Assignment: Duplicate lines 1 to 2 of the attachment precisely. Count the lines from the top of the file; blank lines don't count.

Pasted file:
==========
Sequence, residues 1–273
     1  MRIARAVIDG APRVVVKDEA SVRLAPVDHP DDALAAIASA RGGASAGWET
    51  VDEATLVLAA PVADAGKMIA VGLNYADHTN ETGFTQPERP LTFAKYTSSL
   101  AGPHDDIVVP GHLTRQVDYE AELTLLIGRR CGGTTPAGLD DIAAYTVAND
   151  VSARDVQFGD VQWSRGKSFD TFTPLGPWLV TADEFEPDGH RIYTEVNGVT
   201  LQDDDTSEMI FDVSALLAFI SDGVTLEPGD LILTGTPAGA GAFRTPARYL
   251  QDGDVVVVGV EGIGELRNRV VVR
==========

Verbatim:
Sequence, residues 1–273
     1  MRIARAVIDG APRVVVKDEA SVRLAPVDHP DDALAAIASA RGGASAGWET